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Debate over natural gas falls along GOP fault lines

NEW PORT RICHEY — The discussion was about compressed natural gas, but keen observers saw an early scrimmage in the fight to be Pasco's GOP state committeeman.

Bill Bunting, who has held the post since 2008, pitched a plan Tuesday to county commissioners for the county and the school district to switch to natural gas-powered vehicles.

"Pasco should join counties around the state in bringing natural gas here," he said. "It's cleaner, you get a longer engine life. It provides jobs in America."

Bunting has been working with Commissioner Henry Wilson and County Administrator John Gallagher on the idea. Several commissioners on Tuesday said they were intrigued. "I think it's a good idea to set up a committee, and take a look at the benefits and the costs," said Commissioner Jack Mariano.

Then came the anti-Bunting forces on the county Republican Executive Committee.

"This dog isn't going to hunt," said George Skinner, a precinct chairman from Hudson, citing figures from the school district's transportation maintenance supervisor that natural gas doesn't provide enough fuel efficiency. "I would suggest you shelve this."

Part of Bunting's pitch Tuesday was for the school district to use Penny for Pasco sales tax money to help pay for the new buses. With student population leveling off, he said, the district should be able to find money that would otherwise go toward building new schools.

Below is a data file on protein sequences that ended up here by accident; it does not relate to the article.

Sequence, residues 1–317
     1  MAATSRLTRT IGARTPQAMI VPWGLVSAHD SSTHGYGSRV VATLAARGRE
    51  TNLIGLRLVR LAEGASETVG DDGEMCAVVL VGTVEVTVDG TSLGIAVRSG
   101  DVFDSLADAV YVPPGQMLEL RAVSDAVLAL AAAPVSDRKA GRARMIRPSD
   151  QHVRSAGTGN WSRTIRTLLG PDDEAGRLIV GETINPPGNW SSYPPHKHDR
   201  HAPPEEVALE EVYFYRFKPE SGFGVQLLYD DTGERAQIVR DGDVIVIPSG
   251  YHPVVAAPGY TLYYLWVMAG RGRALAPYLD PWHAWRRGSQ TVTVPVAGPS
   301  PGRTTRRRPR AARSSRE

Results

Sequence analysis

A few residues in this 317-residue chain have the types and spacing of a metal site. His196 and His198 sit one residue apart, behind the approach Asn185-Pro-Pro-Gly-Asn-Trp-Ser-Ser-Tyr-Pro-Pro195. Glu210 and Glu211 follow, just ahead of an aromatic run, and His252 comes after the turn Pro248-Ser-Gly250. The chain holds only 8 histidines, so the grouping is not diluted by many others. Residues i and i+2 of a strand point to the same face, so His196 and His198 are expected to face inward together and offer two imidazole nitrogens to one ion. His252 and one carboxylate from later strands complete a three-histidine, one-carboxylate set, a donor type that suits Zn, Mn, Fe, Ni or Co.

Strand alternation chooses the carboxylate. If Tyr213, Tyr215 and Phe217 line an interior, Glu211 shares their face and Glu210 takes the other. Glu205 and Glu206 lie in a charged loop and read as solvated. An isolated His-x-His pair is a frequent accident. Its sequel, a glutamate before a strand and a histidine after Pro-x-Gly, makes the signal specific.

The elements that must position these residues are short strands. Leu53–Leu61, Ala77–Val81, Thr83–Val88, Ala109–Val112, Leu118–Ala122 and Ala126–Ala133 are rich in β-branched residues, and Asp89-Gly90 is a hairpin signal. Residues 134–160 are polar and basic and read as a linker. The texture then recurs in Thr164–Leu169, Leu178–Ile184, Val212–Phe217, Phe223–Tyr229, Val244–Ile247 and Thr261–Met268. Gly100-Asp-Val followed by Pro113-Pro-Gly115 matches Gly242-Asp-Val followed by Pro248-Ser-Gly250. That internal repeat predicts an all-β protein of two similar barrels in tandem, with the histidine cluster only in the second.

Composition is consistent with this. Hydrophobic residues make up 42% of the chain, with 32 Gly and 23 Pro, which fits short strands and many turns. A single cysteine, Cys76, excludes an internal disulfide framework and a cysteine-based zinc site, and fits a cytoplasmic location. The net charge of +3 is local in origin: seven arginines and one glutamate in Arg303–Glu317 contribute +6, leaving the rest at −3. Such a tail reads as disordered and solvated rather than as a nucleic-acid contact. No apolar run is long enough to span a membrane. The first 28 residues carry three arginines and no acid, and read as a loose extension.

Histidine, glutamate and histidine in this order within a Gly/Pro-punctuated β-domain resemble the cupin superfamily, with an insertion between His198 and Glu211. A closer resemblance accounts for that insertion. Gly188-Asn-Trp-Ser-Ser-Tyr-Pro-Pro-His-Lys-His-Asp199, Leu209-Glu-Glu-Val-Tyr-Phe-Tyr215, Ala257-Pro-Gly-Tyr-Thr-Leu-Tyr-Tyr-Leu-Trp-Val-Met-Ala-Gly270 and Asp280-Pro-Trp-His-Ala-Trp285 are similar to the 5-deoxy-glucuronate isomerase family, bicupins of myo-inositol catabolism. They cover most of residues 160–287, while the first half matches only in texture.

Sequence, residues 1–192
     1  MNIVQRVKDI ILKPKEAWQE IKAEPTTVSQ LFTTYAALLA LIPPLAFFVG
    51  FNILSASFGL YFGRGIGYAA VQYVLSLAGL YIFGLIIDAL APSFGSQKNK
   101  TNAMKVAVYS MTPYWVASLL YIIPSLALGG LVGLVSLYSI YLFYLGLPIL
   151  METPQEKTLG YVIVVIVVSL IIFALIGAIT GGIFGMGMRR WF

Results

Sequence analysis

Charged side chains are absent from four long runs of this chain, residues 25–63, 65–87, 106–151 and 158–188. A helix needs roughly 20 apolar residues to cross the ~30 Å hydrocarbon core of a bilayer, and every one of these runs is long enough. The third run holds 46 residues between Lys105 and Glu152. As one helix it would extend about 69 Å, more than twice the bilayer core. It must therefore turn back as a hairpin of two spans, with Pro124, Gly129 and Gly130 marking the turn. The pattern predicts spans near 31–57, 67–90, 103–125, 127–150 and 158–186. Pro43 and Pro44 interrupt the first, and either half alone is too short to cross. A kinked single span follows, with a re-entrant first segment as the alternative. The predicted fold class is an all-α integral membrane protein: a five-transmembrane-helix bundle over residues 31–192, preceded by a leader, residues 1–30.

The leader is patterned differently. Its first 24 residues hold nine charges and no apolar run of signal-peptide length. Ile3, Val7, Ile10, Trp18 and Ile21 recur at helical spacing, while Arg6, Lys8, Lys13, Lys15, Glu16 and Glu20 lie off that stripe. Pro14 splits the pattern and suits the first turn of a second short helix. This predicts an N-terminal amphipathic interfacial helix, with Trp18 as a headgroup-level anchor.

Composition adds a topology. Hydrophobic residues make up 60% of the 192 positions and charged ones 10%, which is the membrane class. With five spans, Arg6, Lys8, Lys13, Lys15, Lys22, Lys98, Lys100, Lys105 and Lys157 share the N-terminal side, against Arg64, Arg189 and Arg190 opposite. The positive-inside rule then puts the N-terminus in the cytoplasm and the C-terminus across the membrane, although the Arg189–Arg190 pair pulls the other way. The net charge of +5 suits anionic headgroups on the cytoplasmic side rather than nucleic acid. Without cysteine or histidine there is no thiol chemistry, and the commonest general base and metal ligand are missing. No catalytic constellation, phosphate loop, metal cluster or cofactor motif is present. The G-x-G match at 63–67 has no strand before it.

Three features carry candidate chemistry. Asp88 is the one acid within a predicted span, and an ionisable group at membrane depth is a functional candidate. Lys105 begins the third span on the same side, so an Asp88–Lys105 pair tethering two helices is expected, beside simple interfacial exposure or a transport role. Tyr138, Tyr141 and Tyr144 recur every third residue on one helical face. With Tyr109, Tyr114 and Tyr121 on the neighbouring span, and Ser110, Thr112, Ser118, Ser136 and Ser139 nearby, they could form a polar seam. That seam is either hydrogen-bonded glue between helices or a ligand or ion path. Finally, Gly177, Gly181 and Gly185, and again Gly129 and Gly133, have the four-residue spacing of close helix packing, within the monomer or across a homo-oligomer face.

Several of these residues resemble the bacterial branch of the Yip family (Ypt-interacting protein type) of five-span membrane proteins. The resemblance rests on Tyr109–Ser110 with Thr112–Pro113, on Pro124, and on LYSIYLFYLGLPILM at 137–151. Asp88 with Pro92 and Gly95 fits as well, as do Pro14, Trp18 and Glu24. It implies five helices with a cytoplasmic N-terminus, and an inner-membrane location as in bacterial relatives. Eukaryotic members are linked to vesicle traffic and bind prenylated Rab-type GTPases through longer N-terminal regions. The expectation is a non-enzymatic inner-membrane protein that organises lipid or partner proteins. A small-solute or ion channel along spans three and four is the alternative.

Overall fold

A vocal opponent of the tax when it passed in 2004, Bunting earlier told the Times he is not a supporter of this November's effort to renew the tax for another 10 years. But if the renewal is adopted, he said, it should include a natural gas component.

That stance brought scoffs from Bunting's critics, including former county commissioner Steve Simon, who is challenging Bunting for the state committeeman job.

"That was the gentleman who opposed the sales tax so strongly when I was on the commission, and now he takes the role of the person who tells you what to do with it," Simon said. "Things do change in Pasco."

Added former GOP chairman Hugh Townsend: "If it is such a great idea, then private industry is going to jump on it, and it is going to become a reality."

After the meeting, Wilson acknowledged that the county "might have to wait" on the natural gas idea. And though he appreciated the public comments, he said, "you have to figure out what their true motives are."

Lee Logan can be reached at or (727) 869-6236.

Debate over natural gas falls along GOP fault lines 03/20/12 [Last modified: Tuesday, March 20, 2012 7:28pm]
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